his canvases. Even Gericault's famous horses must be interpreted as metaphors for human
emotions and passions. The struggle between man and beast, heightened by vibrant colour
and textural brush strokes, frequently evokes sexual connotations.

Gericault's Blacksmith's Siqnboard (1814) clearly reflects the artist's debt to Rubens; but his handling of an open composition, the painterly brushwork and vibrant colours, amongst other elements, display a vitality far removed from the "calm dignity" advocated by Winckelmann. By choosing to depict a subject from "low life", Gericault deliberately breaks down the academic hierarchy of subject matter.

In the Raft of the Medusa (1819) Gericault has transformed a contemporary event into an epic metaphor. The artist has chosen a tense moment in the Medusa shipwreck disaster as the victims desperately attempt to attract the attention of the Argus, a ship sailing past in the distance. It is a moment of confusion, of psychological tension and false hope. As a political allegory, the painting caused an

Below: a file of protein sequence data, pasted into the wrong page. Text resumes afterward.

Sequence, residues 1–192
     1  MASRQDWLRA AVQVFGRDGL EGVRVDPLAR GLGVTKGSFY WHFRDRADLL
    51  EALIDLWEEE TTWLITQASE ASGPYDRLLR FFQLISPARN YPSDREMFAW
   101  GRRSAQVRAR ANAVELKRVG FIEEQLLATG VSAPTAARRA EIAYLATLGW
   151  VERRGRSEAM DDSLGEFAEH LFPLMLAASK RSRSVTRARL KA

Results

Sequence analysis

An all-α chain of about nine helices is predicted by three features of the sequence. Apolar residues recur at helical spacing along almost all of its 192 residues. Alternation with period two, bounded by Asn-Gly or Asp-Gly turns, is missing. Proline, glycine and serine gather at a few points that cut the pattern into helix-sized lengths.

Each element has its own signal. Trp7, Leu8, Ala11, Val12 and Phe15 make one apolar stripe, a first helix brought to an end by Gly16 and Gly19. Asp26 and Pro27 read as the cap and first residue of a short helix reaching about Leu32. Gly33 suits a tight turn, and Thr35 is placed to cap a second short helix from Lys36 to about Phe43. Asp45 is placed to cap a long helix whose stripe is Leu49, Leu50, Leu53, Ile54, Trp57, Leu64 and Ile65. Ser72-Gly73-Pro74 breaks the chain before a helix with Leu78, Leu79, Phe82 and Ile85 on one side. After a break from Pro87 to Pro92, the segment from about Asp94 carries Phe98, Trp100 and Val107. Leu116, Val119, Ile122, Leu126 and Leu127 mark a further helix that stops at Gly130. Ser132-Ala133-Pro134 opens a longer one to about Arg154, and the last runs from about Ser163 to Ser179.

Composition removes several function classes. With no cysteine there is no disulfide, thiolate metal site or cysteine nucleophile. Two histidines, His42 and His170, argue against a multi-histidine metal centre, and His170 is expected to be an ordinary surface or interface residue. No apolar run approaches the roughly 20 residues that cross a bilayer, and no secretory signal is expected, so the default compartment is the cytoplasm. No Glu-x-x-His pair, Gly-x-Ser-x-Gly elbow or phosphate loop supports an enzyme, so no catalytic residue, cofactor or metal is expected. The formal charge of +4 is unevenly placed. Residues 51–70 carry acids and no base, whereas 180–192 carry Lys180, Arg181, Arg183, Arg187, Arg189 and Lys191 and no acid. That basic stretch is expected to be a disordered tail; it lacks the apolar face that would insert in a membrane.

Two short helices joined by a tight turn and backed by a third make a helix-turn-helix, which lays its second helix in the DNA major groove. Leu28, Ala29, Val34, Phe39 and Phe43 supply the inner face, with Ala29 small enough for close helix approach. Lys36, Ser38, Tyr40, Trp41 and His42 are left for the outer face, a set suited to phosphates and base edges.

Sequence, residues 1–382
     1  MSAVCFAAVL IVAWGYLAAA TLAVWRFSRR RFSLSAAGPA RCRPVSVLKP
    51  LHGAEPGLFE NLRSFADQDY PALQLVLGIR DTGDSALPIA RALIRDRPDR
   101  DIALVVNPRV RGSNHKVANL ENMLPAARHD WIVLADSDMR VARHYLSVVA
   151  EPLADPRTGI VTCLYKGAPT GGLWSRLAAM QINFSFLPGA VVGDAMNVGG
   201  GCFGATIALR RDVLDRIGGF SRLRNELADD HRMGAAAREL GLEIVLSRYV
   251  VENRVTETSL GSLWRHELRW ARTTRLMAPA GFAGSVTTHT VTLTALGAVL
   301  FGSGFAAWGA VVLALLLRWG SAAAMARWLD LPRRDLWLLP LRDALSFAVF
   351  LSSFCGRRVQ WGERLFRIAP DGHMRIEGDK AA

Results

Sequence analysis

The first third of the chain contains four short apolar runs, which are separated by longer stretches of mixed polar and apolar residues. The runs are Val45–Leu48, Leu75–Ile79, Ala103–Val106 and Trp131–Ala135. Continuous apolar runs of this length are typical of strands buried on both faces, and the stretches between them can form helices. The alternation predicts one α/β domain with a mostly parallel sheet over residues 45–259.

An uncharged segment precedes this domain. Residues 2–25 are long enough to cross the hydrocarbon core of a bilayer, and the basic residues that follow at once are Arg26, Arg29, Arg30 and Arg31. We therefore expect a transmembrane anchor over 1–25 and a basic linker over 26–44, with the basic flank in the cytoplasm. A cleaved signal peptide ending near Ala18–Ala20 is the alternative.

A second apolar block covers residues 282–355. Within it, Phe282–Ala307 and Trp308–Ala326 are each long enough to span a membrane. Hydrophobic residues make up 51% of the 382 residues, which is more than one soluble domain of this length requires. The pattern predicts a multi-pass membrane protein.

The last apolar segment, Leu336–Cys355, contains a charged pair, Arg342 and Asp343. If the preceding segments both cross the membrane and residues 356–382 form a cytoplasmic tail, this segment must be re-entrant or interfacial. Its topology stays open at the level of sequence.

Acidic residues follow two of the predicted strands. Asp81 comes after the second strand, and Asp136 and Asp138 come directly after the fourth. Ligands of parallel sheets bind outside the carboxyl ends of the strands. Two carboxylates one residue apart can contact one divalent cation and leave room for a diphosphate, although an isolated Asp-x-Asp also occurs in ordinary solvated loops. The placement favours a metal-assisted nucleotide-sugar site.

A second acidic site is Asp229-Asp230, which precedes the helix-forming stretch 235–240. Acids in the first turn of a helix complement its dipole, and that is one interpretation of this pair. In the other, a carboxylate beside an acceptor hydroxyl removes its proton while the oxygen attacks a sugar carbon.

embarrassment at the 1819 Salon by its specific references to Bourbon favouritism. It was severely criticised and, in order to distract attention from the specific event depicted, the painting was renamed A Shipwreck.